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Nigeria’s subsidies have significant negatives – World Bank

World Bank President, David Malpass has said Nigeria’s generalised subsidies have significant negatives. Malpass made the remark to the World Bank media at the ongoing…

World Bank President, David Malpass has said Nigeria’s generalised subsidies have significant negatives.

Malpass made the remark to the World Bank media at the ongoing hybrid spring meetings of the International Monetary Fund and the World Bank in Washington DC.

Speaking on the complexities of Nigeria’s subsidies, he said: “One is that they are expensive because they go to everyone and they are often taken more by people with upper incomes than by people with lower incomes so they are not targeted.

“So, we encourage that when there needs to be a subsidy for either food or for fuel, that it be carefully targeted for those most in need. And so, we have encouraged Nigeria to rethink its subsidy effort.”

Also, speaking on the exchange rate regime of the country, Malpass said: “Two other things I would mention about Nigeria is that it runs a multiple exchange rate system, which is complicated and is not as effective as it would be if there were a single exchange rate.

“The most useful thing for developing countries is to have a single exchange rate that is market-based, that is stable over long periods of time as that attracts investment and it also means that there’s a discipline within the country’s fiscal policy so that would help.”

He said Nigeria also has trade barriers that distort trade flows, and that could be improved substantially in order to help the people in Nigeria move forward.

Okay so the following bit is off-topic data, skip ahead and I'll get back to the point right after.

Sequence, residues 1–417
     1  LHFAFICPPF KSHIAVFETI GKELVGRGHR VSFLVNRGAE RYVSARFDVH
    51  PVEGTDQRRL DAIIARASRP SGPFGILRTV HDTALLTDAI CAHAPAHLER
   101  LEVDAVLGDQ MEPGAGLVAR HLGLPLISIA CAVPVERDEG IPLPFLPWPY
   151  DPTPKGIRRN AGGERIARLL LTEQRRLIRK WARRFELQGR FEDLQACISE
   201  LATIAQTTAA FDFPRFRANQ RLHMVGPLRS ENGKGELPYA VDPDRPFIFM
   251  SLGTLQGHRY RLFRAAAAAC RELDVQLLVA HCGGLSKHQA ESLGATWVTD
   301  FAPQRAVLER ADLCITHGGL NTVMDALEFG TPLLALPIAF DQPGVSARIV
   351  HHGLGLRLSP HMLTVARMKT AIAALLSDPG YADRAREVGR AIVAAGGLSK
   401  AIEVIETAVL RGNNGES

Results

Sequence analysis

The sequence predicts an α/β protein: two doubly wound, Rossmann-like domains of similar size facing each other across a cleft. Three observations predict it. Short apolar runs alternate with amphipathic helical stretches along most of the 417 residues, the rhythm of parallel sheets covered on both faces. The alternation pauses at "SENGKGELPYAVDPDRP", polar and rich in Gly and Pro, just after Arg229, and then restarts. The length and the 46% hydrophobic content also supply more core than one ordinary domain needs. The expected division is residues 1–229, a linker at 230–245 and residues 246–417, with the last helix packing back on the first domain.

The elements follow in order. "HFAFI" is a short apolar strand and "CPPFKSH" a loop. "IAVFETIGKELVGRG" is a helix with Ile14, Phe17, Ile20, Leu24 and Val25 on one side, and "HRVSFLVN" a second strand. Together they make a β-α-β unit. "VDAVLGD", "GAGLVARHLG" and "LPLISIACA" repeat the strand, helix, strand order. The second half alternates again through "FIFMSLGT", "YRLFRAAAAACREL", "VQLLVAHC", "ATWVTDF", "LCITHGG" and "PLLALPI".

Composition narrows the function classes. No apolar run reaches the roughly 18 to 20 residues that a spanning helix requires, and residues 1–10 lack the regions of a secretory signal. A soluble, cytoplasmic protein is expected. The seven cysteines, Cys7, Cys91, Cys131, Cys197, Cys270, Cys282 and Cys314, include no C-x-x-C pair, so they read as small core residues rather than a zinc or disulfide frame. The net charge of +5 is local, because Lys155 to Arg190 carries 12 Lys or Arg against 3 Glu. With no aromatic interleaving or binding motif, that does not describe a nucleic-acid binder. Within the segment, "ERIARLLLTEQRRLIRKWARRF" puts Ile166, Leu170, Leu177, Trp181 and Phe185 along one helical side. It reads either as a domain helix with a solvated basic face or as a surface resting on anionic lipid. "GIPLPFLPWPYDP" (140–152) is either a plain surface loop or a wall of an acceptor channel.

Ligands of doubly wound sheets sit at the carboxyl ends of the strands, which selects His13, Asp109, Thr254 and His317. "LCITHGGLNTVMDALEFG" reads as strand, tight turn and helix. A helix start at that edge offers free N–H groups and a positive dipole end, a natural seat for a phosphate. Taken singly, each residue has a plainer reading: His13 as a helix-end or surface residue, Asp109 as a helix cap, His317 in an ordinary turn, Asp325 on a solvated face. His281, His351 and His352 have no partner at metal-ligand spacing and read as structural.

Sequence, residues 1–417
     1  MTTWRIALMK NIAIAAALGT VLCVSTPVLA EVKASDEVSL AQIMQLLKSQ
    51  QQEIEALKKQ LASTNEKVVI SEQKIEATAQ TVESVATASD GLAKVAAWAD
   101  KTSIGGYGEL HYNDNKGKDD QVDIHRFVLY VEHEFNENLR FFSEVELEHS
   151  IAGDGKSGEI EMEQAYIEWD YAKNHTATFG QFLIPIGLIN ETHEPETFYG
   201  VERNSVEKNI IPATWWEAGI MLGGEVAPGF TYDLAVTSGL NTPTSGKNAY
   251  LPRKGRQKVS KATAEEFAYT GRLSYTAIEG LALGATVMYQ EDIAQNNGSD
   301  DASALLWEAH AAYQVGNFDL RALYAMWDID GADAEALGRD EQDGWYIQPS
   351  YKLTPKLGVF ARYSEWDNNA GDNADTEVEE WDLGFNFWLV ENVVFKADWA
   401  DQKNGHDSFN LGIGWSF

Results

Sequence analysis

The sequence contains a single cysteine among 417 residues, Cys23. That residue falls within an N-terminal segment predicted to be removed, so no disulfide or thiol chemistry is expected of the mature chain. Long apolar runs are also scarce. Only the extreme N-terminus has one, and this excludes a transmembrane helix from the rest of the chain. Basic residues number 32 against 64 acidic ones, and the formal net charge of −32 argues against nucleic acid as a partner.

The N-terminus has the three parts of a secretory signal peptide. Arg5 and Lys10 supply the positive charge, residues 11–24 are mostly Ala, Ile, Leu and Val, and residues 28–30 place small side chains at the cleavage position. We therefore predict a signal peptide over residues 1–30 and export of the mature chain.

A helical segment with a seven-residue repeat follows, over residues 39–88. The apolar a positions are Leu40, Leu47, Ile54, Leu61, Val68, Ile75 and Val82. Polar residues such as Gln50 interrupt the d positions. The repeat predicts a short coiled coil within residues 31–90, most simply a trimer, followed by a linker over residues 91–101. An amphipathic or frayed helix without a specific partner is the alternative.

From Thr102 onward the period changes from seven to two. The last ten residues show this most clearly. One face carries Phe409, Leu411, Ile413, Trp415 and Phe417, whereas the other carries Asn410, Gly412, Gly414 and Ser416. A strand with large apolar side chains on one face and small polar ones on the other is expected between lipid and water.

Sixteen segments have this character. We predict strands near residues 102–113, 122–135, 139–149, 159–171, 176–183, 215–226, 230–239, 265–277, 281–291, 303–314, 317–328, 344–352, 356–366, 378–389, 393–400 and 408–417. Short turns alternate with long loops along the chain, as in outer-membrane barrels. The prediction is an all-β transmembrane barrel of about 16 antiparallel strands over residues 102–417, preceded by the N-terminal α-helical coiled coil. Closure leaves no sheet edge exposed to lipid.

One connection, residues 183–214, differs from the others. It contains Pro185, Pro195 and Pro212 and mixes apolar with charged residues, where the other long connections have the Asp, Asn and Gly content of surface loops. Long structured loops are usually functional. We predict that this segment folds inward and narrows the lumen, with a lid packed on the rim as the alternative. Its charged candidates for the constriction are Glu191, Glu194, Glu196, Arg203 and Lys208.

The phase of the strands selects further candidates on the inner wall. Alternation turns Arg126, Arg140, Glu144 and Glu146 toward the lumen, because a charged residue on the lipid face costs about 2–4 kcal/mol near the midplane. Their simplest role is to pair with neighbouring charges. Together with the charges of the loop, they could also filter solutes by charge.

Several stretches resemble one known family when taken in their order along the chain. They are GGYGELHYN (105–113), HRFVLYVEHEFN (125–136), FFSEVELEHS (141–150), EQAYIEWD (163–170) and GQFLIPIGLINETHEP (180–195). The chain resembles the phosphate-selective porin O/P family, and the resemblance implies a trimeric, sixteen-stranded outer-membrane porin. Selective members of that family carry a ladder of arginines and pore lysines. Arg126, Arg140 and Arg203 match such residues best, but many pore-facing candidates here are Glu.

He said: “I would take note of the complicated situation that they face where there are weapons flowing into northern Africa that find their way into non-Nigerians that create violence in Nigeria. This is a very challenging situation that the government faces.

“Nigeria has huge opportunities because of its natural resources and because of its people, and I think it could see its growth accelerate with improvements in policy.”

Similarly, the International Monetary Fund (IMF) has stressed the need to boost agricultural productivity in Sub-Saharan Africa and get farmers to produce more, even as it said 20 countries in the region are either in debt distress or very close to debt distress.

Speaking at the opening press conference of the ongoing World Bank/IMF 2022 spring meetings, the Managing Director of the Fund, Kristalina Georgieva, said it is working on debt restructuring for the countries.

She said: “in Sub Saharan Africa, 20 countries are in bed distress or very close to debt distress, with interest rates going up. This burden of debt is intolerable. So, working to get that restructuring currently, this is a priority for us. And this is why I talked about the common framework.”

Whilst noting that the high and rising food prices are particularly concerning, especially in poor countries where there is a growing risk of a food crisis, she said an international action to avoid it is critical.

Sunday Michael Ogwu who is in Washington DC